What’s the air like near me?
Below is some information to help you find out what the air is like where you live, and whether your council is meeting limits for air pollution. For more information about why we care about air pollution, including the health effects, see here - and to find out what the most appropriate measures to call for in your area are, see here.
Many towns and cities failing limits on key pollutants
There are many different air pollutants, which have different mixtures of sources. The key pollutants of concern - as with so many environmental problems, including climate change - arise from the burning of fossil fuels. When it comes to air pollution, road traffic is the biggest problem, and diesels the worst of all.
The cars, vans, motorbikes, buses and trucks on our roads spit out a mix of toxic particles and gases. There are currently three pollutants of most concern – fine particles, Nitrogen Dioxide gas, and Ozone gas.
The UK has legal limits for concentrations of pollutants in the air we breathe, based on European Union (EU) requirements (the Ambient Air Quality Directive), which are informed by World Health Organisation (WHO) recommended levels. The government has also given Local Authorities responsibilities in their area under separate but related Local Air Quality Management (LAQM) regime.
1. Particulate Matter (PMs) – many UK cities failing World Health Organisation standards
These most dangerous fine particles of air pollution are much smaller than the width of a human hair and are largely invisible, but this means they can penetrate deep into our lungs, and can even get into the bloodstream. The particle pollution comes from exhaust pipes, but also all vehicles, including those which produce no exhaust emissions such as electric vehicles, produce significant quantities from abrasion of brakes and tyre wear. Particulates worsen heart and lung disease.
The UK has recently just about been meeting UK/EU legal limits but current requirements need to be monitored. However the World Health Organisation (WHO) recommended levels are twice as strict for this pollutant, and all Londoners live with levels over the WHO limit, with many more UK cities on the WHO database also failing their limit of 10 micrograms/m3 for fine PM2.5 particles. Check here to see if your town or city is on the list here.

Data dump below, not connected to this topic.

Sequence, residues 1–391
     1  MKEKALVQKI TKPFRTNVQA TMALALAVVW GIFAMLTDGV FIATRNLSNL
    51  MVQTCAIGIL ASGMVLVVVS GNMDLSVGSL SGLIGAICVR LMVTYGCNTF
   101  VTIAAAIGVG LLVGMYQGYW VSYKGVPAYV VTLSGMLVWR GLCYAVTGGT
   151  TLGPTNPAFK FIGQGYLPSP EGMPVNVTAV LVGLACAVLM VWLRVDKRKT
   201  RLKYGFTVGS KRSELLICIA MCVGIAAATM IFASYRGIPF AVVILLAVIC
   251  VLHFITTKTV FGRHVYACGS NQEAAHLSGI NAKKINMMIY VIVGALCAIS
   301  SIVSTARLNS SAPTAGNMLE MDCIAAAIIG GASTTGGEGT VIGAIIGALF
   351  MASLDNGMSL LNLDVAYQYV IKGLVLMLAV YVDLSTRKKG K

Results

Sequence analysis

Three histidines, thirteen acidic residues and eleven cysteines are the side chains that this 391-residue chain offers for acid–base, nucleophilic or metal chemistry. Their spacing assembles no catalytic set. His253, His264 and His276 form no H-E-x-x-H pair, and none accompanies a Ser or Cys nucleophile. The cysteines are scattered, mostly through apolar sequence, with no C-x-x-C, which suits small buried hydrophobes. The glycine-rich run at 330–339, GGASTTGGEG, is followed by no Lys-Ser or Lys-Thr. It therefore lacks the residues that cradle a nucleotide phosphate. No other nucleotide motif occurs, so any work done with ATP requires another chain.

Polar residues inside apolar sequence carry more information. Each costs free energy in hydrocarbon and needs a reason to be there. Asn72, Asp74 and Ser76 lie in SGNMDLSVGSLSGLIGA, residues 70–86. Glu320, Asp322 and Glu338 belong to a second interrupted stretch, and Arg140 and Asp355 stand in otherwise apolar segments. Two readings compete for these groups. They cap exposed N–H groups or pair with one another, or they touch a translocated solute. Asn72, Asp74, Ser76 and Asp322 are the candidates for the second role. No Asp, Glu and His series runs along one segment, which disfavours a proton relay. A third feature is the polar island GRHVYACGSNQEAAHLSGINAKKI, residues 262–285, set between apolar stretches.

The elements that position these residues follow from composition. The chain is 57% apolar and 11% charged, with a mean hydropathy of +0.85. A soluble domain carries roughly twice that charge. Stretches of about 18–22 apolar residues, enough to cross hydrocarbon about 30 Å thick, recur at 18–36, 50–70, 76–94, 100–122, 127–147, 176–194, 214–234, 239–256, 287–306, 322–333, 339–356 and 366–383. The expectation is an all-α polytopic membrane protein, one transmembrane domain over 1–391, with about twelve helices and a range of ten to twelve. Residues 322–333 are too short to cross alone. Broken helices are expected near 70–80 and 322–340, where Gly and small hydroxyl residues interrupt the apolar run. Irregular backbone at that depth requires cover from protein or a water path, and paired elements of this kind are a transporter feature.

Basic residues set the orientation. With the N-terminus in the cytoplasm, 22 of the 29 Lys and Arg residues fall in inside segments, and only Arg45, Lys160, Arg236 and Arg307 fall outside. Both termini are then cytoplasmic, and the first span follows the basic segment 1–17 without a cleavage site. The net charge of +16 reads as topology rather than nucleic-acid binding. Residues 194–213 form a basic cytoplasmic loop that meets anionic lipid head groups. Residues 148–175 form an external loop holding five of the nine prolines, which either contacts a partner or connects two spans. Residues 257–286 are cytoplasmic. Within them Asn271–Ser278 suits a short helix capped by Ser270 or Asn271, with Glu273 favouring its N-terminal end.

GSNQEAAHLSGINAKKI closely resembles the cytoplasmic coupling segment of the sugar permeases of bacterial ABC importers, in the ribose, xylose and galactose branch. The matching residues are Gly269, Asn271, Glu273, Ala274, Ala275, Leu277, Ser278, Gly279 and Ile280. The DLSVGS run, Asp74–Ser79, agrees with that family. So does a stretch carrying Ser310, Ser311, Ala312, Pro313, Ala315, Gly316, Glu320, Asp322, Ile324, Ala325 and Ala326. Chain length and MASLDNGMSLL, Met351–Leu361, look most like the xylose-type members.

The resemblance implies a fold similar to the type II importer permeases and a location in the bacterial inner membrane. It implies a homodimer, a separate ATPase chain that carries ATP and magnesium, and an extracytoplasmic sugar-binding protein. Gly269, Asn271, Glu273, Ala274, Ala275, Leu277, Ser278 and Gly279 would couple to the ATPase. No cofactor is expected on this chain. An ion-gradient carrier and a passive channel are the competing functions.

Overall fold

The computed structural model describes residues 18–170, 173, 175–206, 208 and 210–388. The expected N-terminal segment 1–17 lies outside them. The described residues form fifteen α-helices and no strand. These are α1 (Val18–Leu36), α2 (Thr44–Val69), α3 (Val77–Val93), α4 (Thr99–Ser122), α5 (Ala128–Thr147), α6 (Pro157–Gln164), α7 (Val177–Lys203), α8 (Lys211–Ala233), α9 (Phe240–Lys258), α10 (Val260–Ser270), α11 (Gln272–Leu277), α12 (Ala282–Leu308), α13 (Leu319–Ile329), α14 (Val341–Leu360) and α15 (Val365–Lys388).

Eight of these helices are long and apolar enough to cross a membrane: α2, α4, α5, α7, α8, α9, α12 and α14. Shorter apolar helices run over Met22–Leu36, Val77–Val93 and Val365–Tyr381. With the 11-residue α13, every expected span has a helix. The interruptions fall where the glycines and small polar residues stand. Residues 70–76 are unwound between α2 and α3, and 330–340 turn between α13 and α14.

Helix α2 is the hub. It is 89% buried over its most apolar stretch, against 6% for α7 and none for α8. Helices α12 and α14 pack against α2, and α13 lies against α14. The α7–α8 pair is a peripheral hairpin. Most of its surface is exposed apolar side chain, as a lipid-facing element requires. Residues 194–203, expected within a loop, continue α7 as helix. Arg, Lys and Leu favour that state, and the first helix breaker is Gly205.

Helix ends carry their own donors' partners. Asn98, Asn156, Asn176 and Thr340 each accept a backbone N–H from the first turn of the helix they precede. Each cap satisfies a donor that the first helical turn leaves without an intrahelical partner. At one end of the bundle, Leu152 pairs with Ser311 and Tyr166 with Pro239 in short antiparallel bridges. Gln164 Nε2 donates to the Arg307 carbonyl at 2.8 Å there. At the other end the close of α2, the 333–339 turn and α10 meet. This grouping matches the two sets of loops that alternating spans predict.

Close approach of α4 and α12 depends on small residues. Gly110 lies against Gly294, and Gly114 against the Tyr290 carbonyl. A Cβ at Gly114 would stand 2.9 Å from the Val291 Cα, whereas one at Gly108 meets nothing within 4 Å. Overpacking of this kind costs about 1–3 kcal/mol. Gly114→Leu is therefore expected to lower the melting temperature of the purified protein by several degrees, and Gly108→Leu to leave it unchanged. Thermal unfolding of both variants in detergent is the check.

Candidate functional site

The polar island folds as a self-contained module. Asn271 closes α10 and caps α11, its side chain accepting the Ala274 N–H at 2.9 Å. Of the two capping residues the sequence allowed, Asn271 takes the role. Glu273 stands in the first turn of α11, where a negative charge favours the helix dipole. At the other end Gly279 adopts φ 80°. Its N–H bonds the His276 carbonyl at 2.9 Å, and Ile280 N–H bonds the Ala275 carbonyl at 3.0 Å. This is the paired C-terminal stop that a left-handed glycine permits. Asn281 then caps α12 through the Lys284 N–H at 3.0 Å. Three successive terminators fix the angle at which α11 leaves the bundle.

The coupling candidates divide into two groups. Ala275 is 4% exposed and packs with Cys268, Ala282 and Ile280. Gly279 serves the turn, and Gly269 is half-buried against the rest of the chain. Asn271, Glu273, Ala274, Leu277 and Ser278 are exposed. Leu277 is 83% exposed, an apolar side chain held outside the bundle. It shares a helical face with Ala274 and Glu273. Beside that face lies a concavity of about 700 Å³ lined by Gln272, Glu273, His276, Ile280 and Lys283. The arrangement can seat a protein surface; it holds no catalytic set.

However, even more worrying, the WHO has found Health effects levels below even their current standard for PM2.5. Indeed it has found no level below which there are no health effects – so it’s crucial that levels of this type of pollution be driven down continuously.
The Clean Air Act Coalition, of which Friends of the Earth is a member, is calling on the government to commit to moving the UK to the most up to date health-based WHO standards, and to putting the country on the path to meeting them.
2. Nitrogen Dioxide (NO2) – many UK cities failing legal standards
This is a toxic gas which is often colourless, meaning it won’t usually be seen, although an orange haze can sometimes be seen hanging over a city from a distance. NO2 damages the lungs and reduces immunity to lung infections such as bronchitis.
The UK should have met UK/EU legal Limit Values for NO2 by 2010 - or 2015 at the latest, with an extension.
Shockingly, however, 37 of the 43 Air Quality Zones (into which the UK is divided for air quality purposes) still fail to meet EU annual legal limit of 40 micrograms/m3. There are individual Zone plans for each Zone which may be of interest. The 40 micrograms/m3 level is also the current World Health Organisation recommended level, though worryingly they have identified health impacts below this level.
The current illegal NO2 problem is largely a roadside one, with local road transport responsible for more than half of these emissions, and with diesel cars being the single biggest part of local road transport’s contribution. See Figure 3 of the Detailed Plan.